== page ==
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FDA Issues Draft Guidance for Medical Device Data Systems

Leslie J. Levinson
Edwards Wildman Palmer LLP - New York Office

Michaela ("Kayla") Tabela
Edwards Wildman Palmer LLP - Boston Office

July 1, 2014

Previously published on June 2014

On June 20, 2014, the Food and Drug Administration (FDA) issued draft guidance to inform manufacturers, distributors, and other entities that FDA does not intend to enforce compliance with the agency’s 2011 regulations governing medical device data systems (MDDS) subject to 21 CFR §880.6310, medical image storage devices subject to 21 CFR §892.2010, and medical image communications devices subject to 21 CFR 892.2020, because of “the low risk they pose to patients and the importance they play in advancing digital health.”

MDDS are hardware or software products that transfer, store, convert formats, and display medical device data. An MDDS device does not modify the data or control the functions or parameters of any connected medical device, and are not intended to be used in connection with active patient monitoring. For example, an MDDS device may be used to collect data on a patient’s CO2 level from the patient’s ventilator and transmit this information to a central repository.

Although the guidance does not establish legally enforceable responsibilities, it does describe the agency’s current thinking on a topic. Comments on the draft are due within 60 days of its publication in the Federal Register.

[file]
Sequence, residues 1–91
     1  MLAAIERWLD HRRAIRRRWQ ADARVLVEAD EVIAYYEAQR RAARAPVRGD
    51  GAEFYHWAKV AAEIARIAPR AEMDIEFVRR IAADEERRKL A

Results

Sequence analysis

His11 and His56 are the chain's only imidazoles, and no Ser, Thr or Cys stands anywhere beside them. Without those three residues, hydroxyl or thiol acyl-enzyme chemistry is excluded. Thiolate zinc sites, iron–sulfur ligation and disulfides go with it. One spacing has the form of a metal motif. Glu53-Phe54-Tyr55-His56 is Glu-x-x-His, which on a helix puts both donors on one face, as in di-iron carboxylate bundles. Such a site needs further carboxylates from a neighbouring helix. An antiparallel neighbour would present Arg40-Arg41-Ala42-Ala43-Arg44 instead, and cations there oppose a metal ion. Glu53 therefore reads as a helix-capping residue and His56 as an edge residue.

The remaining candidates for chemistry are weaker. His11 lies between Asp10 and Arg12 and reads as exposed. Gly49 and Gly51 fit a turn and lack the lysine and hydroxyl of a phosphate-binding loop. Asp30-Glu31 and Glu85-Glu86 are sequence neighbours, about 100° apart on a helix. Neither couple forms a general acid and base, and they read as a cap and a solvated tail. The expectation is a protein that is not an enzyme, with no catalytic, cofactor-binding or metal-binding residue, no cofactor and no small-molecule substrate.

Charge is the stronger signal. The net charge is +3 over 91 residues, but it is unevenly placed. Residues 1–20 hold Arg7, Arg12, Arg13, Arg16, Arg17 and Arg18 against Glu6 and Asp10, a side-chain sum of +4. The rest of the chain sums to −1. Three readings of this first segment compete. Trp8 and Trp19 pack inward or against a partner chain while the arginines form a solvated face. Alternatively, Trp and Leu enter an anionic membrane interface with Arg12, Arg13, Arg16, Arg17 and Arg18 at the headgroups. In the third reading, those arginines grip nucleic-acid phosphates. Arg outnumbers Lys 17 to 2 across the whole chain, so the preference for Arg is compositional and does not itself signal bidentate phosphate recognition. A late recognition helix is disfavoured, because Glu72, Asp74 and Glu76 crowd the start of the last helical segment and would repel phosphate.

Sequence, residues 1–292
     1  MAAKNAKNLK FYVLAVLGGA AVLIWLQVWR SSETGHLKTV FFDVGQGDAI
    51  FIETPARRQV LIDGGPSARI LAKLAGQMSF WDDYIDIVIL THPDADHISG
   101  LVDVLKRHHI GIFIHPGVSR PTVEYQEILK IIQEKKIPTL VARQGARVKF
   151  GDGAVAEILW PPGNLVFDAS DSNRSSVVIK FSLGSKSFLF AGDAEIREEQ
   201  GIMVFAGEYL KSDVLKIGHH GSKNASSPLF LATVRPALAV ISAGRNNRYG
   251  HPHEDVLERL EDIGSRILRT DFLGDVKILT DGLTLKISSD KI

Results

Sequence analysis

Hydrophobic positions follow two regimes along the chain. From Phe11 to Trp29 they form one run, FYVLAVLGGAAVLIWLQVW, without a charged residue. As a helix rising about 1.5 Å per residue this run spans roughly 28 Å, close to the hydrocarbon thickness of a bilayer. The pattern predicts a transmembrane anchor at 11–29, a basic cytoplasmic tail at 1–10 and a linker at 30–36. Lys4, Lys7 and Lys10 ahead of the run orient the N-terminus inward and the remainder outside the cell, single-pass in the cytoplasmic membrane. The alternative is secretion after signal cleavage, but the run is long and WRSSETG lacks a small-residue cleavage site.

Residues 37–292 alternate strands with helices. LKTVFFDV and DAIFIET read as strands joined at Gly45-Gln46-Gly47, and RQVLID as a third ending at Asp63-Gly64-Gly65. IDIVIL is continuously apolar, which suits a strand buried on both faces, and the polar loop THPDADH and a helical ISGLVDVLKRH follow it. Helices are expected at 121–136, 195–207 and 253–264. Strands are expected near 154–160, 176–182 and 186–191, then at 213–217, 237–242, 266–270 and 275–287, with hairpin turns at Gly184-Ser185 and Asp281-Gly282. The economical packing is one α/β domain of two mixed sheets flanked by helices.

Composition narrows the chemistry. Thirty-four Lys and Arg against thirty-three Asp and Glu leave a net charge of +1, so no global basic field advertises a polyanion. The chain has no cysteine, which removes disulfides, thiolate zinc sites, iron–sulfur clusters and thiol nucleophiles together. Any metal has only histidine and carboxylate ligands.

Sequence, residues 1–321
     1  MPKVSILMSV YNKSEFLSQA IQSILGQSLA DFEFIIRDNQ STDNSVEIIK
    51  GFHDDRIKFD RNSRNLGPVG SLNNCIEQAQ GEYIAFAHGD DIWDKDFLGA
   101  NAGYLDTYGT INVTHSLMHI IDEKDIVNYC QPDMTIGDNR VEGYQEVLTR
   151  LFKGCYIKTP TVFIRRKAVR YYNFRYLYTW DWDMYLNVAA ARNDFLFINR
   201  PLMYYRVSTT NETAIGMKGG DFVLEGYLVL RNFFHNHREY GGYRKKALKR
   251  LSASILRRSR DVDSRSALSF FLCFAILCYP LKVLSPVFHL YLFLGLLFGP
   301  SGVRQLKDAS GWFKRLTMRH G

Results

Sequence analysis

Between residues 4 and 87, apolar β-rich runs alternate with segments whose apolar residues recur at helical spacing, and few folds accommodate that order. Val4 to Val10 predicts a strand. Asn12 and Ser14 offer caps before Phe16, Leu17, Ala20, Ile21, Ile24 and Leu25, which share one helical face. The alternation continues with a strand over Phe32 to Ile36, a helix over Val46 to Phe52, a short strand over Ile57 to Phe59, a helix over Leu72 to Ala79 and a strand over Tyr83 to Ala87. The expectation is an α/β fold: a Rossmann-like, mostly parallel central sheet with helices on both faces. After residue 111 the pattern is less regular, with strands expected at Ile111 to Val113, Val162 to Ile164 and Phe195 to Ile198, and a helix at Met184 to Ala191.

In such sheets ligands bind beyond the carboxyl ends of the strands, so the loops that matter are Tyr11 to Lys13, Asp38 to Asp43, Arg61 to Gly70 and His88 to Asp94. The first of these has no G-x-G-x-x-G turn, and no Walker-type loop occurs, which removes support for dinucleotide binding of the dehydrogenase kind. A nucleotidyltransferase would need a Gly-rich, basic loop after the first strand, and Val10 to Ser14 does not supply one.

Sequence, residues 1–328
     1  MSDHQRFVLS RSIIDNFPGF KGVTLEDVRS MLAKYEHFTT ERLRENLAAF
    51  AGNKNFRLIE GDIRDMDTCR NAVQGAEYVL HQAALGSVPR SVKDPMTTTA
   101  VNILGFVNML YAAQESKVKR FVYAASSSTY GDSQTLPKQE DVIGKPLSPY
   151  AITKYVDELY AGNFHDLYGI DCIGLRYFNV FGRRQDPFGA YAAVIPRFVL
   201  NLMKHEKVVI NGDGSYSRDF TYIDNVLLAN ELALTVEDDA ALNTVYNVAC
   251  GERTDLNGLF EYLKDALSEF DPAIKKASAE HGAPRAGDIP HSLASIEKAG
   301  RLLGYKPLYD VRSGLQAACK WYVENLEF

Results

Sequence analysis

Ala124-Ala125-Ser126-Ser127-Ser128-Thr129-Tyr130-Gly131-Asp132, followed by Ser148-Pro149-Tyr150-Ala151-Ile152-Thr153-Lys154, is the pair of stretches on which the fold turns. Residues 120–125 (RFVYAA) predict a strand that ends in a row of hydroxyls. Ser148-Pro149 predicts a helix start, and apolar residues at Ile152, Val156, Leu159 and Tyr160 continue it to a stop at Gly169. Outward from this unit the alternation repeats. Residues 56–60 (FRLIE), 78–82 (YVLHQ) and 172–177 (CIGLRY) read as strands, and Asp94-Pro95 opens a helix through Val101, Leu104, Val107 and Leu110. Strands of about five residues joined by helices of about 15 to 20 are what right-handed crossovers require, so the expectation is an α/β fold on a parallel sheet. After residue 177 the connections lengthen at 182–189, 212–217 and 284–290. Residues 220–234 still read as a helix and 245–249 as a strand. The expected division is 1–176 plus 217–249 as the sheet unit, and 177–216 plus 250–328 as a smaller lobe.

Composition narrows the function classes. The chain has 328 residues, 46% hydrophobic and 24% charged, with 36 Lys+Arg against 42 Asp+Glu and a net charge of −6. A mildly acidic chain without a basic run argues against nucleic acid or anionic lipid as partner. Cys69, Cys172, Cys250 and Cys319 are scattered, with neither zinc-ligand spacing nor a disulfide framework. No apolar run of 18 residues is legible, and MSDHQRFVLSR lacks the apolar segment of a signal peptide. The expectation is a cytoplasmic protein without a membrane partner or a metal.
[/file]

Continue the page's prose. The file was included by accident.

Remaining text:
On June 18, 2014, the U.S. District Court for the District of Idaho rejected St. Luke’s Health System’s motion to stay the divestiture order issued earlier this year. The court stated that St. Luke’s failed to show that it is likely to succeed on appeal and that, even if it does succeed in defending its merger, the forced unwinding would not cause irreparable harm.

The decision follows the court’s January 2014 ruling that St. Luke’s Health System’s acquisition of Idaho’s largest independent, multi-specialty physician practice group, Saltzer Medical Group PA, violated §7 of the Clayton Act and the Idaho Competition Act. St. Alphonsus Medical Center-Nampa, Inc. v. St. Luke's Health System, Ltd., No. 1:12-CV-560 (D. Idaho, January 24, 2014). The court predicted that if the merged entity were allowed to move forward “health care costs will rise as the combined entity obtains a dominant market position that will enable it to (1) negotiate higher reimbursement rates from health insurance plans that will be passed on to the consumer, and (2) raise rates for ancillary services (like x-rays) to the higher hospital-billing rates.”


On June 19, 2014, Sean Cavanaugh, Deputy Administrator and Director of the Center for Medicare at the Centers for Medicare & Medicaid Services (CMS), announced that CMS would soon release a proposed rule outlining changes to the Medicare Shared Savings Program. Mr. Cavanaugh did not provide any specific details on the rule. The announcement was made at the Fifth National Accountable Care Organization Summit held in Washington, D.C.


The views expressed in this document are solely the views of the author and not Martindale-Hubbell. This document is intended for informational purposes only and is not legal advice or a substitute for consultation with a licensed legal professional in a particular case or circumstance.

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